It is this notion which Kreeft called "spiritual euthanasia." He simply could not make the jump to anatman. But, in his rendering and criticism of Buddhism from a Christian perspective, did Kreeft get it right? Did he accurately describe the third noble truth, and does he really understand either the concept of no-self, or the related concept of emptiness? Rahula says that "[t]he Third Noble Truth is that there is emancipation, liberation, freedom from suffering, from the continuity of dukkha. This is called the Noble Truth of the cessation of dukkha (Dukkhanirodhaariyasacca), which is Nibbana, more popularly known in its Sanskrit form of Nirvana." So far, so good. Kreeft's rendering is not far from Rahula's. Rahula then goes on to say, "To eliminate dukkha completely one has to eliminate the main root of dukkha, which is 'thirst' (tanha)... Therefore Nirvana is known also by the term Tanhakkaya 'Extinction of Thirst.'" So, while it may seem crude to render Nirvana as simply "Extinction," that description of it, while over simplified, is not unlike Rahula's description. But, where Kreeft gets it wrong is in his description of "desire."

He seems to think that Buddhism aims for the extinction of all desires, but that is not the case. Tanha does not represent all desires; it merely represents the kinds of unhealthy desires which lead to suffering. Buddhism actually encourages desires which lead to the four sublime states: Metta (universal love), Karuna (compassion), Mudita (sympathetic joy) and Upekkha (equanimity). So, the Buddhist prescription for suffering is not exactly the "spiritual euthanasia" which Kreeft describes, though anatman is an uncomfortable idea for Westerners.

But, while the Buddhist prescription involves surrendering all claims to a permanent self, in many respects it is a rather self-centered solution, at least in the sense that the solution, much like the problem, resides in the individual. Suffering cannot be brought to an end by any external force, entity, or action. It is experienced internally, and must be ended internally, through the extinguishing of unhealthy desires which are rooted in the ignorant claim of a permanent self. In this respect, the Christian prescription is very different.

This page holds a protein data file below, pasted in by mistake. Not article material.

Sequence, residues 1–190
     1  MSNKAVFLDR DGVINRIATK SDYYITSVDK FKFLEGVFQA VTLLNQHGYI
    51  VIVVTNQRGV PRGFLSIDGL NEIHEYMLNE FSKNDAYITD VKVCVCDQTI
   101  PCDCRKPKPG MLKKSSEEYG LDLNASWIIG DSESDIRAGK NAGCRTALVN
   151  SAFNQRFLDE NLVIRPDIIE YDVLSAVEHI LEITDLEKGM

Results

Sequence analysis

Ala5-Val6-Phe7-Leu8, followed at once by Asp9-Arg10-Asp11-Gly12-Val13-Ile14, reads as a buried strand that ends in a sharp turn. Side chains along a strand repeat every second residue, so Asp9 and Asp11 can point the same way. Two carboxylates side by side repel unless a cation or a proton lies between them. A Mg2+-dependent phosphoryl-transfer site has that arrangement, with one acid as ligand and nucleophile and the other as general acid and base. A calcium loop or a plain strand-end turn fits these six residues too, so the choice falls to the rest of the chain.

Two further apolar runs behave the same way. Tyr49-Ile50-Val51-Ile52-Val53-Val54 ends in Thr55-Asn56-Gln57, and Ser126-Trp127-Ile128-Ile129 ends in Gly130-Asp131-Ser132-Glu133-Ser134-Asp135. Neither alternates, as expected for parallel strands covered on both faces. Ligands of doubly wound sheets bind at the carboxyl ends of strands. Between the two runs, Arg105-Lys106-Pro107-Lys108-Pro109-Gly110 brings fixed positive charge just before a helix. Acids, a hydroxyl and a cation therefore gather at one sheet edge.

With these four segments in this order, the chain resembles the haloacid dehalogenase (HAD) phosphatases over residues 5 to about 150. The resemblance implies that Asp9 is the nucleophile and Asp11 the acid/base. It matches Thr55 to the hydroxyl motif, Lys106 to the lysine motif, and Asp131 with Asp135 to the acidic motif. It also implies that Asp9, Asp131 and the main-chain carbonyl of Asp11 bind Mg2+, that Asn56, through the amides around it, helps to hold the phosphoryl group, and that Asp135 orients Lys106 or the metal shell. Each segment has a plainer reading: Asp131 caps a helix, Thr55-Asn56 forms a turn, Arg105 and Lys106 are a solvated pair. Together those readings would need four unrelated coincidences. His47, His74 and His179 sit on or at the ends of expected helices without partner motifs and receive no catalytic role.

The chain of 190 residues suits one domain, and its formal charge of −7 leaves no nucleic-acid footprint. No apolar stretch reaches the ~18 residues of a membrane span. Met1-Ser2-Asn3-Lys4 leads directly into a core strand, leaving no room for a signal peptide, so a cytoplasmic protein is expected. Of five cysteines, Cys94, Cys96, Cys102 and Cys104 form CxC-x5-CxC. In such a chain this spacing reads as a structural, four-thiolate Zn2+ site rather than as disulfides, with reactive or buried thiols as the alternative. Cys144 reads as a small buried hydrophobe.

In the Wesleyan/Methodist expression of the Christian concept of salvation, the sinner is saved by the grace of God, which is divided into three kinds of graces: Prevenient Grace, Justifying Grace, and Sanctifying Grace. Prevenient Grace is, according to the Book of Discipline of the United Methodist Church, "the divine love that surrounds all humanity and precedes any and all of all of our conscious impulses." It "awakens in us an earnest longing for deliverance from sin and death and moves us toward repentance and faith." In other words, it is the grace of God which is active in the lives of all people, without distinction, aiming to bring them closer to salvation.

That salvation is accomplished by what is known as Justifying Grace, which brings about the "process of justification." The Book of Discipline says, "In justification we are, through faith, forgiven our sin and restored to God's favor. This righting of relationships by God through Christ calls forth our faith and trust as we experience regeneration, by which we are made new creatures in Christ." So, salvation entails the gradual elimination of the conditions which give rise to our existential crisis. This elimination is by grace through faith, which means that it is not accomplished by the effort of the individual, but rather by the work of God, through Jesus Christ. While human beings are to participate in that work, they are not responsible for it. They cannot act as the agents of their own salvation.

Sanctification is a very Wesleyan concept, and in the Methodist Church it is inseparably linked to salvation. The "[n]ew birth" of salvation is, according to The Book of Discipline, "the first step in the process of sanctification. Sanctifying grace draws us toward the gift of Christian perfection, which [John] Wesley described as a heart 'habitually filled with the love of God and neighbor' and as 'having the mind of Christ and walking as he walked.'" Like salvation, or justification, sanctification is not accomplished by any work by the individual, but rather by the grace of God. And, like justification, it is described as a "process" rather than an instantaneous transformation. As justification gradually eliminates the conditions which give rise to our existential problem, sanctification gradually eliminates the possibility of sin. One who is sanctified is one who has been made perfect, and is no longer capable of any kind of sin.